Weekend Landscape Planting Tips.
Now is the time many get the itch to go buy some plants to plant in their landscape. Some tips from years of experience.
Plant in odd numbers. 3’s, 5’s etc…. This forces you to not plant in such a uniform, rigid (do it yourself look) fashion. Thats rule # 1
Rule 2. Plant in layers. Low growers up front, medium growers in back. and maybe a couple bigger sizes in back to give the appearance of an existing garden. Spend the few extra bucks on these plants because I will detail how to save money on some of the others.
Planting is eyewash ( a merchandisers term). Do not make the mistake of buying all 1 and 2 gallon plants. I drive by many weekend projects like this and it looks hokey.
You can however use theses smaller less expensive plants on you low first groupings. These are probably the plants you will buy more of than others sizes. Low growers like euonymus ( in many shades and colors) , some dwarf day lilies , certain barberries, or any dwarf habit plant. Then add the middle group. Buy some slightly larger plants like 3-5 gallon size and lay them out in groupings. You don’t need them all in the same area. These you may get your informal balance by placing toward the ends with one in the middle if your using 3’s as a guide. You will use less of these larger slightly more expensive plants.
Then the 3-4 ft size in back. You can buy even buy a couple single variety plants plant for these more expensive plants.
Consider shapes, color etc in all decisions.
Some of the first row plants, instead of placing through out the whole area can be grouped in 3s and 5s in a small area. Especially if it has same color foliage or flower. This will give a striking appearance of group color.
I like to plant in triangles sometimes my self. One smaller plant at the head and 2 plants closely behind. 5’s you can alternate 2-1-2 or 2 an 3’s.
In corners, plant a larger plant in the back corner (can be single larger specimen plant). I use a lot of upright habit plants in these areas instead of spreaders. Plants like arborvitae, full grown dwarf alberta spruce, etc. This gives a nice balanced look.
In perennial beds, you may use all 1-2 gallon size plants. These new growers every year, so all you need to choose is growth habits instead of immediate sizes when dealing with shrubs.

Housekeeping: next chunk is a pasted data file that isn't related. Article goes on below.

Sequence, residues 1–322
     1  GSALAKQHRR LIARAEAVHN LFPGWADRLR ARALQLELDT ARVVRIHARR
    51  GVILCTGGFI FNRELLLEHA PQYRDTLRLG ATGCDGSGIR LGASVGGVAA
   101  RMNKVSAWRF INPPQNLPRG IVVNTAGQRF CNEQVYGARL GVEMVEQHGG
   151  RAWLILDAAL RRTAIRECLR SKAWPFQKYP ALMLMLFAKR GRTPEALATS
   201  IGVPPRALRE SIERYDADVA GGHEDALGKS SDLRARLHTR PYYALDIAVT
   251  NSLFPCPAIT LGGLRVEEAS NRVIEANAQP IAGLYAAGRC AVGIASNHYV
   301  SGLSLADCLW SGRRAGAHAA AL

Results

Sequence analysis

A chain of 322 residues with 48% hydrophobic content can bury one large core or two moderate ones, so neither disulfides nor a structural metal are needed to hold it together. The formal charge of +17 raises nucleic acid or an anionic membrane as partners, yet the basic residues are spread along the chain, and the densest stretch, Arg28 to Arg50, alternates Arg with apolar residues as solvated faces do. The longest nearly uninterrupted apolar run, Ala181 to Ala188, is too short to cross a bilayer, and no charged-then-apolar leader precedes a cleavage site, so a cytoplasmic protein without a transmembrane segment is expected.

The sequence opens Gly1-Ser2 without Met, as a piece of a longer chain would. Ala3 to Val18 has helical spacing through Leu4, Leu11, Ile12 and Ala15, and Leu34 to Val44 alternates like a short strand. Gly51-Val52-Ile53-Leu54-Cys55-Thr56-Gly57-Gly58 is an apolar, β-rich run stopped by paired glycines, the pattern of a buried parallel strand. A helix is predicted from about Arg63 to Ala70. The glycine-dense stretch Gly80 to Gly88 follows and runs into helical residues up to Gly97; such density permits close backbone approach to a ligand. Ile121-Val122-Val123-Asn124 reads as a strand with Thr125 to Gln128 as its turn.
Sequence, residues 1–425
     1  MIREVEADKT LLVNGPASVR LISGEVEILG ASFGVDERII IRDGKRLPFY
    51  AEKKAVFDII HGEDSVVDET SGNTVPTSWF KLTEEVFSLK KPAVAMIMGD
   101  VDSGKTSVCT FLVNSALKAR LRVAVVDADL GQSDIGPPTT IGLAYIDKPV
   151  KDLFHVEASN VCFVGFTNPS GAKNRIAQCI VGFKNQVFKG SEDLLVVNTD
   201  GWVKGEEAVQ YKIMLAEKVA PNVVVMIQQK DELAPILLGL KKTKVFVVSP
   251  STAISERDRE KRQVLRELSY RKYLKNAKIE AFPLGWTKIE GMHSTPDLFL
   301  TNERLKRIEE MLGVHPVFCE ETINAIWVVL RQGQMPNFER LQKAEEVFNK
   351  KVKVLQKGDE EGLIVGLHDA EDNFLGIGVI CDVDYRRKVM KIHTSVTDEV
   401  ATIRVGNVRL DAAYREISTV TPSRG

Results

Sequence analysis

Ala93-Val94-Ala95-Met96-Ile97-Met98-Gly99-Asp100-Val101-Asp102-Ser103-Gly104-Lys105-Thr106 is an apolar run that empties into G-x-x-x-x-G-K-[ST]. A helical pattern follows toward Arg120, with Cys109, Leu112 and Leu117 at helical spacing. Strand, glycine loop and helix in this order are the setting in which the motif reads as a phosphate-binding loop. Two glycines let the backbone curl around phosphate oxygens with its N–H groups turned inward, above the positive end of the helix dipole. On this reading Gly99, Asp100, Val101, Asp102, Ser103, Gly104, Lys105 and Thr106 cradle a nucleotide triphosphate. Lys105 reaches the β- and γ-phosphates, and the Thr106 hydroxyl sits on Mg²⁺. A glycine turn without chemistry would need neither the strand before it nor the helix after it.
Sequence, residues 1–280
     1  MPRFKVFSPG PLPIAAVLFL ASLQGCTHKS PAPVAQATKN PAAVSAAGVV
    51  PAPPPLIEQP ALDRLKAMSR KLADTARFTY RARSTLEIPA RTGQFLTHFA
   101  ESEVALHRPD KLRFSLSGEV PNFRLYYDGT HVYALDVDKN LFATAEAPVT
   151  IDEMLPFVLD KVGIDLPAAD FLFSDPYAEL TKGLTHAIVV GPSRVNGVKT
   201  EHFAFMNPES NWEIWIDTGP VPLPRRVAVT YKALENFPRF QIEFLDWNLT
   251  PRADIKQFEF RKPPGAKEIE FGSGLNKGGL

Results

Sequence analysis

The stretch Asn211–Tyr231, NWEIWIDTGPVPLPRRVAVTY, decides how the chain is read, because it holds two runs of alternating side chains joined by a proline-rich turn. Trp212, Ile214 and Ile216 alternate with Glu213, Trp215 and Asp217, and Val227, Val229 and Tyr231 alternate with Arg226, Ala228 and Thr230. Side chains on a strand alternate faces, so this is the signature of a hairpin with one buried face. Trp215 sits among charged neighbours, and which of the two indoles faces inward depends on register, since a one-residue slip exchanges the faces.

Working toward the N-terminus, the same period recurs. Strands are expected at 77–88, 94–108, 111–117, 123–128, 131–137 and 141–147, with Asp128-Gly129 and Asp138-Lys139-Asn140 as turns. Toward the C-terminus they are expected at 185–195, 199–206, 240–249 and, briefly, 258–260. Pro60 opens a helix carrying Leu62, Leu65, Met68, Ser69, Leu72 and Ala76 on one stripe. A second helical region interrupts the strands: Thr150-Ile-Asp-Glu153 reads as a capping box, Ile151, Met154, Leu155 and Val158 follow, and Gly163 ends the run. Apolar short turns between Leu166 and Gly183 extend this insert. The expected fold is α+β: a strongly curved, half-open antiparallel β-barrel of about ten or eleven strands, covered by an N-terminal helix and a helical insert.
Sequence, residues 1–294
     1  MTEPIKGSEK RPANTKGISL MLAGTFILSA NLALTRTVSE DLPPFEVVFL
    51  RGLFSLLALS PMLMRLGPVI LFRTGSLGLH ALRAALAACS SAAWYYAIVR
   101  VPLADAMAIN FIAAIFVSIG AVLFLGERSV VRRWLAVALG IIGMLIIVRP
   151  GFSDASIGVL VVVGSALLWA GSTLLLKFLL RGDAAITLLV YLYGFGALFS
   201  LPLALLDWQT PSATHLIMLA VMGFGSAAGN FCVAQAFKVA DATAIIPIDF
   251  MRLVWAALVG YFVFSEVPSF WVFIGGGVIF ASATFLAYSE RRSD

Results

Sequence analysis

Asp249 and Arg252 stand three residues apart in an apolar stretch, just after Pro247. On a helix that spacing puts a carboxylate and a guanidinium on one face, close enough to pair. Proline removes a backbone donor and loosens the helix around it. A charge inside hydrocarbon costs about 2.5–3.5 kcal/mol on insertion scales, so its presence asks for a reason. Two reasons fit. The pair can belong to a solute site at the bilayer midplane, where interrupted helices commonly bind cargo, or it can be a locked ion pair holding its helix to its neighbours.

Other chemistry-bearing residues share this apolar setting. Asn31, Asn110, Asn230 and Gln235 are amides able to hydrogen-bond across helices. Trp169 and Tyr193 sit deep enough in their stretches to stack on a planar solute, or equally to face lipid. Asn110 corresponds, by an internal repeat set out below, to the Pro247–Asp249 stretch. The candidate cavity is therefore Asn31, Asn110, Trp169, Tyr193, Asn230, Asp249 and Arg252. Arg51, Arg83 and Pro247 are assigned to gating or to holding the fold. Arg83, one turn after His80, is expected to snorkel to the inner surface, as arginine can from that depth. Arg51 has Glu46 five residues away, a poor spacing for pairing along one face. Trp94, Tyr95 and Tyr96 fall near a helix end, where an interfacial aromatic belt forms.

You may even use some perennials mixed in as your first row plants groupings for color similar to others in different areas, but different plants. This looks nice without the repetitive plants throughout.
Some times repetition can be good , others not so good.
An easy way to accomplish this whole scheme is this.
Drive around the neighborhood ( or walk), make note of others plantings. Make note of what looks good to you as far as color, species , layout etc.
Chose 2-3 main color combinations you want. I like various greens, reds and yellows, myself.
Once the colors you like are established, it is easy to go to the next step.
Research these color choices for plants with these colors. Consider the growth habit, and texture. Different leaf textures and sizes look great.
Find 1 or 2 of the big variety for the back layer. I like the evergreens for the back drop. Other lighter colors stand out and look great against this backdrop.
Decide on the 2-3 or 4 medium plants you want for the medium row. Other greens, reds , yellows , etc.
Then, depending on area size, find the 1-2 gallon front row guys.
Could be 3 -5 different plants. Some other great choices are blue junipers and even a blue fescue ornamental grass. Low, slow, grower. One trick I use is if I use a group of one color in one bed, i carry the color scheme into the next beds , but with different plants(the non repetition thing). Use one blue somewhere, use the other blue in adjacent, differently shaped beds,
. BLOOMS, and FLOWERS.
Chose plants and consider Flowers. Try to stagger the blooming times for all plants to give an always blooming affect. Some plants are valued for the leaf color and texture and don’t bloom which is great. You can plants single variety bloomers in the same color in color groups together for a striking effect when in bloom. Usually the front row, low growers.
Middle row can have some distribution in the whole area . Lighter blooms (whites, light pinks, or even purples and bright reds) stand out against the larger back drops of the greens for a great look.
When planting, don’t use any fertilizers at the time of planting other than organic enhancements in the hole. Other fertilizers can actually burn newly transplanted roots.
Some even argue about over enhancing the soil (unless it is terrible) in the planting holes. The idea behind it is this:
If you make the soil to good in the hole and it is not so good just outside the hole, the roots wont spread out as well into these areas later. It’s like being in a warm, controlled climate house, then going out in the cold. If you could, you would stay in the comfortable area.
Go see some others landscapes, make notes, choose plants and get at it this weekend.
Lay out the entire thing first before you dig one hole!
Start with back row, then the middle, then the front.
Step back, view from different angles and the same ones others will view it from. Tweak, reposition if necessary.
Once it’s right, DIG.
WATER THEM SLOWLY. Immediately, continuously until established.
See my previous article about shrub bed weed control to keep weeds out of your new plants.